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  • Writer's pictureMolly Becker

Travis County leaders urge vigilance on flooding

Tuesday, May 14, 2019 by Jack Craver

While heavy rains over the past two weeks have not inflicted serious damage on Travis County, with no reported fatalities or serious injuries linked to flooding, government officials are nevertheless urging residents to avoid certain waterways and to be on high alert for flooding if another storm hits.

The Parks and Recreation Department closed the Barton Creek Greenbelt and Barton Creek Pool on Friday, May 3, in response to pounding rains. It reopened the greenbelt Monday but reclosed it Wednesday. The pool remains closed, as does Red Bud Island Park and the Zilker Zephyr Train, which had some tracks “start to break away” due to flooding, the parks department said.

On Monday, after another weekend with heavy rainfall, the Austin Fire Department issued a ban on “recreational, commercial and navigational use” of Lady Bird Lake. It also issued bans on portions of Lake Travis.

Despite plenty of flood-related inconveniences, Travis County has fortunately been spared some of the more severe consequences. While there were four deaths attributed to flooding in Central Texas the first weekend of May, there were no fatalities in the Austin area. Nor were there any reports of residential flooding, said Chief Emergency Management Officer Eric Carter at a May 7 meeting of the Travis County Commissioners Court.

Still, during the first weekend the Sheriff’s Department reported 23 flooded roads in the county and 34 people had to be evacuated from a church off of Burleson Manor Road. Austin-Travis County EMS responded to 18 water rescue calls.

The flash flooding that occurred along Barton Creek should serve as a reminder to residents to prepare for more severe events, said Carter.

“You don’t have to live on the Colorado (River) to experience flooding. We have a lot of creeks and tributaries throughout our county,” he said.

He advised residents to buy flood insurance for their homes, sign up for text alerts via and monitor media reports about extreme weather and flooding. Residents can also check out the levels of rivers and creeks on the Lower Colorado River Authority’s Hydromet online.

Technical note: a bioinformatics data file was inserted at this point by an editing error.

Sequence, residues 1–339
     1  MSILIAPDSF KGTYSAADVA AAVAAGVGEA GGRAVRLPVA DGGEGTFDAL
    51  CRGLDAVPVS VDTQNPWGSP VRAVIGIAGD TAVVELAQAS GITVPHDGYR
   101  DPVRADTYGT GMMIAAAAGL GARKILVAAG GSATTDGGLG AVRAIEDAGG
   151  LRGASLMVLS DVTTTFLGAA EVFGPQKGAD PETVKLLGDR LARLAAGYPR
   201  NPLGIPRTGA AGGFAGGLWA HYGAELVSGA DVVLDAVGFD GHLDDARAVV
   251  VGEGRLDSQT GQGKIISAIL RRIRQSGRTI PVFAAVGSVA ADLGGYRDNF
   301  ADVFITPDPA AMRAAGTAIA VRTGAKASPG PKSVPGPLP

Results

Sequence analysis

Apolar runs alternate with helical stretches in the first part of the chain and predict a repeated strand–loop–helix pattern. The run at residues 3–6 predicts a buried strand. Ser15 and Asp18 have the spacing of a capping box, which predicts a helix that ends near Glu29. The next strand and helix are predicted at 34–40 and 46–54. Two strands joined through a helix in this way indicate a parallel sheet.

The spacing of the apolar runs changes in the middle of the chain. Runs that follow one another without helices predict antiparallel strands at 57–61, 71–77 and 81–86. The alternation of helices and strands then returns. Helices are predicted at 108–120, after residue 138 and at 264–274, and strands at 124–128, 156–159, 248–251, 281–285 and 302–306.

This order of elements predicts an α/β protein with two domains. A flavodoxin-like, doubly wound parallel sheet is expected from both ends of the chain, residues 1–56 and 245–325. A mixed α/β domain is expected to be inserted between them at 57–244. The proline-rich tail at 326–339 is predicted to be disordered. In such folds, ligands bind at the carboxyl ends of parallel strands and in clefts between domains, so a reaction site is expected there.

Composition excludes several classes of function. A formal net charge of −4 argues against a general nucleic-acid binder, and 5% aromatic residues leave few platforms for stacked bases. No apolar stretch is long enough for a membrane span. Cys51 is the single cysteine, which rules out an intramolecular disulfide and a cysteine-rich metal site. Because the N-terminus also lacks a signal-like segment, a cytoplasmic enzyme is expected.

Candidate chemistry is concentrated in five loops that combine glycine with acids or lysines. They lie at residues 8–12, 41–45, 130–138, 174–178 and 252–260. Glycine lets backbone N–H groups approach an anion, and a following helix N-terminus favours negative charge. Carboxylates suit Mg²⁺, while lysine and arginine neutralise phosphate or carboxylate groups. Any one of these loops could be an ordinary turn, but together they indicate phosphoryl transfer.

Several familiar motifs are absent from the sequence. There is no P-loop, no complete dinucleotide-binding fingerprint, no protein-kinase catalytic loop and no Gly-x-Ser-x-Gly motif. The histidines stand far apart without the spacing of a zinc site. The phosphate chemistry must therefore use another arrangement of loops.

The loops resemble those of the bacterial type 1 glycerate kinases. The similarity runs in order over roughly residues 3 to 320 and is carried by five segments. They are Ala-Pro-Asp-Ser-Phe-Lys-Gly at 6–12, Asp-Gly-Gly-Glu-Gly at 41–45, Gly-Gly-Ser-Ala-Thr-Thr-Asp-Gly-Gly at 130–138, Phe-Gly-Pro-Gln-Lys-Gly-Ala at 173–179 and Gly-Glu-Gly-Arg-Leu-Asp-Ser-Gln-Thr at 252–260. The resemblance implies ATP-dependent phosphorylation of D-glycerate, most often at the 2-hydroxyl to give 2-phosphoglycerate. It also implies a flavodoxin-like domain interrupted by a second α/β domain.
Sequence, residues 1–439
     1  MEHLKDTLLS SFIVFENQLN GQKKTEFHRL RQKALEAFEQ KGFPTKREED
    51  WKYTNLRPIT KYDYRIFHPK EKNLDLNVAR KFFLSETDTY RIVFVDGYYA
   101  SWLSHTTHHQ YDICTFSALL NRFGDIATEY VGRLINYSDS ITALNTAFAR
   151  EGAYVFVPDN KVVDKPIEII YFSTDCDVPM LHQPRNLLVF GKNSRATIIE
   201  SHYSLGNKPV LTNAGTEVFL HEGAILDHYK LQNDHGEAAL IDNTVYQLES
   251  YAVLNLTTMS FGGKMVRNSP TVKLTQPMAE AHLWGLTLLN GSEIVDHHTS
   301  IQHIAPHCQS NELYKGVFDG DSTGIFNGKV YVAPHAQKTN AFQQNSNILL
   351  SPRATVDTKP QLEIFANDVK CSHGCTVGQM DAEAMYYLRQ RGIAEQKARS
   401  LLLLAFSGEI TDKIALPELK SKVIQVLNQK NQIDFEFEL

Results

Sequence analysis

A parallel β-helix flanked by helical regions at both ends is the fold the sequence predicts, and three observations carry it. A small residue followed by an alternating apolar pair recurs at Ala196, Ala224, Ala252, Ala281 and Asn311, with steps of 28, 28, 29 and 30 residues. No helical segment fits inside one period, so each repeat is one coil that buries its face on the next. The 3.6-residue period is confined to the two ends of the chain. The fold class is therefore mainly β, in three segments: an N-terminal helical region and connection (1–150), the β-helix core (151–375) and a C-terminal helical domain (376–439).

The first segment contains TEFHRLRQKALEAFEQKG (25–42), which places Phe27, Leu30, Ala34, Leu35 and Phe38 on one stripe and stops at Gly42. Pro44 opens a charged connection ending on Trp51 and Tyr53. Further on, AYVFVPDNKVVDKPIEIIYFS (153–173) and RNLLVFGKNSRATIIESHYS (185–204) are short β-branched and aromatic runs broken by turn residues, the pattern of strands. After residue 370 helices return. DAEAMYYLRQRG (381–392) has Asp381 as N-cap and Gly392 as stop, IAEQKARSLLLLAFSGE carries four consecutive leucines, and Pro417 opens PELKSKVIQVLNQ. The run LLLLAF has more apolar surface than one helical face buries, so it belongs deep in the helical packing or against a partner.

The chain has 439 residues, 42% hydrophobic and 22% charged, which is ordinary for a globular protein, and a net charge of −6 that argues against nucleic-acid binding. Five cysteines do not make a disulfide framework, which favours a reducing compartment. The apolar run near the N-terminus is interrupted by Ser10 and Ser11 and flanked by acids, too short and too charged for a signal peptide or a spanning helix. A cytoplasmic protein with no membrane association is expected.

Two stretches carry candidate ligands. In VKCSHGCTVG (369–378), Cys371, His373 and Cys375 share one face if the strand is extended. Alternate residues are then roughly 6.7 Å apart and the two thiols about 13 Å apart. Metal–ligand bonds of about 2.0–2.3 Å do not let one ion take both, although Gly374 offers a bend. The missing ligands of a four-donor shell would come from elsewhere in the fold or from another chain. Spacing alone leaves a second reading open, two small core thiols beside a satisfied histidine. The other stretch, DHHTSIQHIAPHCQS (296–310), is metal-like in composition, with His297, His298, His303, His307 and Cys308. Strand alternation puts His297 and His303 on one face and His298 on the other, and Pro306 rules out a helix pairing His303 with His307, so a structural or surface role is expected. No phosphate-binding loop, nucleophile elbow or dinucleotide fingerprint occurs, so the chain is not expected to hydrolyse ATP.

Commissioner Brigid Shea bemoaned the low signup rate – between 8 and 12 percent – among county residents for the Warn Central Texas service, which provides notifications on any natural disasters such as tornadoes, floods and wildfires. The county is encouraging its own employees to sign up.

“It continues to surprise me that as we’re experiencing more and more deadly weather, that people aren’t making use of this free thing that could help save their lives,” said Shea.

Carter said that in addition to promoting the existing text service on the county website, he was exploring ways to automatically add people to the service. Proposed state legislation would allow local government to do that through vehicle registration information.

“Unfortunately, a lot of people never use the tools until disaster,” he said.

Analysis of the deadly wildfires in California last fall found that many people didn’t evacuate because they weren’t aware of the evacuation notice, Shea added.

County Judge Sarah Eckhardt similarly urged people to take the risks seriously and to play it safe when driving. “Turn around, don’t drown,” she said. “Don’t go around those barricades.”

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